When my wife tells me, “You’re not as funny as you think,” I freely own up to my failings and admit, “That’s my dad’s fault.” Yes, the nut doesn’t fall far from the tree, so if I’m not funny, it’s because for over thirty years I drank from the fountain of my father’s sense of humor.
He loved puns. He used to send me headlines he clipped from newspapers: “Bill’s Chances Getting Slimmer by the Minute” (meaning me); “Hooker Seeks Help on Island Project” (“Hooker,” here, a man’s name); and from the newspaper’s TV guide section “The Houston Knights: Good Ol’ Boy, Chicago Detective Born to Butt Heads” (which my father knew I’d read as “Born to Buttheads”). I once gave him a Humor in the Headlines book filled with such double entendres, and he read them out loud to me and got so tickled he started laughing uncontrollably to the point of giggling in tears. He couldn’t stop, and I began to fear for his health. After two days of nonstop laughter, I hid the book where he couldn’t find it.
My father also admired irony, understatement, and exaggeration, and sometimes employed these techniques in uncomfortable ways. Once after he sent me into a McDonald’s for a take-out order, the service was slow, and he came in after five minutes and announced for everyone to hear, “I just came in to see if you’d decided to camp out here tonight.” Hearkening back to his military service, he called day-long odious work projects “GI parties,” and he “invited” me and my brothers to them.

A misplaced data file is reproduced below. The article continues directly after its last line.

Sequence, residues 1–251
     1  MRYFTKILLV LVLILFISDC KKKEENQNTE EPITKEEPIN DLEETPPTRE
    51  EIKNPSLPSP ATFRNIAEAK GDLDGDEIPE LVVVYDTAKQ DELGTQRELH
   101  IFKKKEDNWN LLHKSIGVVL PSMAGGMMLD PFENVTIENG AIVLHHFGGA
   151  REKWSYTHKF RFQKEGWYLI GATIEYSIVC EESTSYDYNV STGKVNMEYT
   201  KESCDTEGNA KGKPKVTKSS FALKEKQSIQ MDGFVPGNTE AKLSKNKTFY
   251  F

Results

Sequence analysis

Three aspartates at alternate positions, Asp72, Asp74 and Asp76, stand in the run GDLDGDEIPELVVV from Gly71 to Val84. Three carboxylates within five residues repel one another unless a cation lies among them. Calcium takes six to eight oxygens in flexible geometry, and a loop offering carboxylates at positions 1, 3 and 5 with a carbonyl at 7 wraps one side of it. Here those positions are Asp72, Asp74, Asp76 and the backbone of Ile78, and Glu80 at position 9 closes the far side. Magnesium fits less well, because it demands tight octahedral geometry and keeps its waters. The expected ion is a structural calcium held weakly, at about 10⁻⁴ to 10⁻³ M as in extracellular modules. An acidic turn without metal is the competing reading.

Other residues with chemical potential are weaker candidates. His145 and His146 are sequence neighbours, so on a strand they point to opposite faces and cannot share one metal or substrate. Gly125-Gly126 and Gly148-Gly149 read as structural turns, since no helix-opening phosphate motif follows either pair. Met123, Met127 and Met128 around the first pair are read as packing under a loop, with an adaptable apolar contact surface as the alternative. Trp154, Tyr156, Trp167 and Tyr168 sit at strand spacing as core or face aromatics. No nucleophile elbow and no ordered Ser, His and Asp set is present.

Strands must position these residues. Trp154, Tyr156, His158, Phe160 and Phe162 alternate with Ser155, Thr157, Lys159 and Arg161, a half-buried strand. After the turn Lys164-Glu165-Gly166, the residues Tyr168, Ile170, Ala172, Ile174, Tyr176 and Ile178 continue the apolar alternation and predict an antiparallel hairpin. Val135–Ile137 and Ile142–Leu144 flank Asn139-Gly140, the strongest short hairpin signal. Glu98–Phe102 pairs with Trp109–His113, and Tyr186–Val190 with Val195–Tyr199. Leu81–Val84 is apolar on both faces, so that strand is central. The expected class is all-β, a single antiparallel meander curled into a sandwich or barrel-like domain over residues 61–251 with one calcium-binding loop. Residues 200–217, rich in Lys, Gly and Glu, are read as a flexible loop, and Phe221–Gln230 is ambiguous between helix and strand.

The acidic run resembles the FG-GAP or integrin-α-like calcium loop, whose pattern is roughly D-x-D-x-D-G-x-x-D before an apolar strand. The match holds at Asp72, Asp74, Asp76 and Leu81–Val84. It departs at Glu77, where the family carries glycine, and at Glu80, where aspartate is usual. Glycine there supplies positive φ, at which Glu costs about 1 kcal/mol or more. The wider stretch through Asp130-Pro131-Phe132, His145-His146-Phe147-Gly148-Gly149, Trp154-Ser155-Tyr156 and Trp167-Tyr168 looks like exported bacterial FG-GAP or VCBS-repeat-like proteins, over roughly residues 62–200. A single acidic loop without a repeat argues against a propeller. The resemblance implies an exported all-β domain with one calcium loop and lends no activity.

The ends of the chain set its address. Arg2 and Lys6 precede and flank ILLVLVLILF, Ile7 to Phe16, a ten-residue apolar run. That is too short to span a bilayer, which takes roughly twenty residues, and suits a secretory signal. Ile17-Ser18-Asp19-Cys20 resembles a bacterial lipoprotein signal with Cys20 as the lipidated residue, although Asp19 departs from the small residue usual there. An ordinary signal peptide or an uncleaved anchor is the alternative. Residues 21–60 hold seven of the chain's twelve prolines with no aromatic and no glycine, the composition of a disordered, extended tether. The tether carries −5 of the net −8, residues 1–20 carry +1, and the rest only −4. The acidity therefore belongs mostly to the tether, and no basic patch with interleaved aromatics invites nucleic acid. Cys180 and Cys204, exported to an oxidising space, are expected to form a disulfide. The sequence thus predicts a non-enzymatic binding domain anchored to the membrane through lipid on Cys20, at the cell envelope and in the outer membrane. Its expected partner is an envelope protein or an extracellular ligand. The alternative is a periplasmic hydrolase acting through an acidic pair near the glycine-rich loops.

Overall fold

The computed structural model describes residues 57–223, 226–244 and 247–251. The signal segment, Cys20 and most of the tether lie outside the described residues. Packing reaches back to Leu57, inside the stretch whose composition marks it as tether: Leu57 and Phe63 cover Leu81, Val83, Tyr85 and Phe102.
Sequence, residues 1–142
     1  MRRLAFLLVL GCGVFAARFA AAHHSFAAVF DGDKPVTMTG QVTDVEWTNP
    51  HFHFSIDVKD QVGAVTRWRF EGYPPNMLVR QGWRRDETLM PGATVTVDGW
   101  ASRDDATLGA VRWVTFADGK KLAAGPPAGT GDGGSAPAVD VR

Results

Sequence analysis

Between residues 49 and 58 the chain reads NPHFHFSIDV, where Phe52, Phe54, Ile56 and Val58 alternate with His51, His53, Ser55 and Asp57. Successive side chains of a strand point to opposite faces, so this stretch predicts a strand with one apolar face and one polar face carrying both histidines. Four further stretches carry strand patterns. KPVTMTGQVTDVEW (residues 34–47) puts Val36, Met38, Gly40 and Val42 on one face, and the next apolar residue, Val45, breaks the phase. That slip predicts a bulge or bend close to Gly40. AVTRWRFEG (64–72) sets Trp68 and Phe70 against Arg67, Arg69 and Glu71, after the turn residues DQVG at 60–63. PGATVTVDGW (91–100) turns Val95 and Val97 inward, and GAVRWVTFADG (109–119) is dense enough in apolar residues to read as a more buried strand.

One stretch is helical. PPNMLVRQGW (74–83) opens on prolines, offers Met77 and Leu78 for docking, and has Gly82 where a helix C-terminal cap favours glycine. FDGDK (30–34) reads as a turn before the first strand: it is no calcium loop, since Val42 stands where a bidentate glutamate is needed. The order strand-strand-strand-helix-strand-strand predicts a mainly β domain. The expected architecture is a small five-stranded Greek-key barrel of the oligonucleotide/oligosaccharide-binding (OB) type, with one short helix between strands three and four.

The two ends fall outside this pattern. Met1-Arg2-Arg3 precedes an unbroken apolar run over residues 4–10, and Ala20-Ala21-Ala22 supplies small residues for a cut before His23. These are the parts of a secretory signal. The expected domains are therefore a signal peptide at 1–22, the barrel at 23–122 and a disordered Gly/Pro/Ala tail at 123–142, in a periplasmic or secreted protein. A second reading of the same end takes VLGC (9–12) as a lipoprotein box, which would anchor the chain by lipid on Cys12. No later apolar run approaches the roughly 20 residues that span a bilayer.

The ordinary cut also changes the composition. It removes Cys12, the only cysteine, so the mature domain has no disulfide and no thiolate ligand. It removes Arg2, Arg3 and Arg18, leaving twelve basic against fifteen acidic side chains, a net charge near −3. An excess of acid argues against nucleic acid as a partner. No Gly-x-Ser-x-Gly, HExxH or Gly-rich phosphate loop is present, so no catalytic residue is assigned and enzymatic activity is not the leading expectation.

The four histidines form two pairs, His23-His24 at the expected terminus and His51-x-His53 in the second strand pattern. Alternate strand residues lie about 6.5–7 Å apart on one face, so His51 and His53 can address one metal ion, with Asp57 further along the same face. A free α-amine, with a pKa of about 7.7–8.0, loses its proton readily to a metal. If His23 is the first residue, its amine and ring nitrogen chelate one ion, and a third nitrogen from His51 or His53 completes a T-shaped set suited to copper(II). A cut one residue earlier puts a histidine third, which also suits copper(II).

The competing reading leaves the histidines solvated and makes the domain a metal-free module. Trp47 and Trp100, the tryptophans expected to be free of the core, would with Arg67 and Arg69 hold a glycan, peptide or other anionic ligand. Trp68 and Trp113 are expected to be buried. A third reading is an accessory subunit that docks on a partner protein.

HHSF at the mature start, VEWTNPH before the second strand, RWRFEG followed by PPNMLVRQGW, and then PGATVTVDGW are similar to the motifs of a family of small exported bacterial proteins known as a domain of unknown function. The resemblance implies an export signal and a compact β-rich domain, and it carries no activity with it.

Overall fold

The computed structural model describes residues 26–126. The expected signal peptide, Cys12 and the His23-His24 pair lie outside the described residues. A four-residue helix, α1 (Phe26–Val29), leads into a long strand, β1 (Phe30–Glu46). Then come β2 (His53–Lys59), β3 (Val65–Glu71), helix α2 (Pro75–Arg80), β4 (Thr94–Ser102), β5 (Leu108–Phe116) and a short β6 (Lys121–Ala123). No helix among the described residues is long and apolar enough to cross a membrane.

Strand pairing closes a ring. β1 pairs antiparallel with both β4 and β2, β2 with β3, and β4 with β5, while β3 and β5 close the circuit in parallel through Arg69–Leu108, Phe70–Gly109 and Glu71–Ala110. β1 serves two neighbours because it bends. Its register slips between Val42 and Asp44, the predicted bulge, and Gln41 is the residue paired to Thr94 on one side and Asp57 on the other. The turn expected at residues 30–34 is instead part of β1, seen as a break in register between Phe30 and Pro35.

Dad also enjoyed insult humor and plagiarized examples of it from literature. When he thought I was slow completing an errand, he’d ask, “How did you travel? By ox cart?” (from the play The Man Who Came to Dinner). And when he was invited to attend some event of dubious desirability, he’d say, “I’ll go—if a lunch is provided” (from Dickens, regarding Scrooge’s funeral).
My father’s sense of humor also embraced the dark. His favorite New Yorker cartoon was of a woman running along the beach, the shadow of an overhead pterodactyl with a man dangling in its talons just ahead of her, with the caption “The keys, George. Drop the keys!” This caption was his refrain whenever he was struck by gallows humor. He celebrated my mother’s frequent mid-year firings of incompetent teachers at her private school each time with another refrain: “Merry Christmas and goodbye.” He intimated that the “Merry Christmas” would be a nice, softening touch to the firing. And once when he was in the courthouse as city attorney in charge of acquiring land for a new road right of way and a street evangelist accosted him in the hallway with “Brother, are you headed to heaven?” my father shot back, “No, in fact, Brother, I’m headed to a condemnation.”
The morning after my father died, the whole family had gathered at the kitchen table when the phone rang. My sister-in-law answered it and began a tangle with a persistent solicitor. We could see in her face and hear in her voice her increasing discomfort as we listened to her side of the exchange:
He’s not here right now. . . .
No, that wouldn’t be a good time to call back. . . .
No, that wouldn’t be a good time either. . . .
There’s not really any good time. . . .
I’m sorry. The truth is he just died.
At the table we began snickering with the first “He’s not here right now” and laughed harder and louder the deeper my sister-in-law dug into her grave predicament. I feel sure my father would have forgiven us. In fact, I think he actually would’ve liked it that we celebrated his life, celebrated his sense of humor—by inappropriately, unreservedly laughing our heads off.
After all, we learned it from him.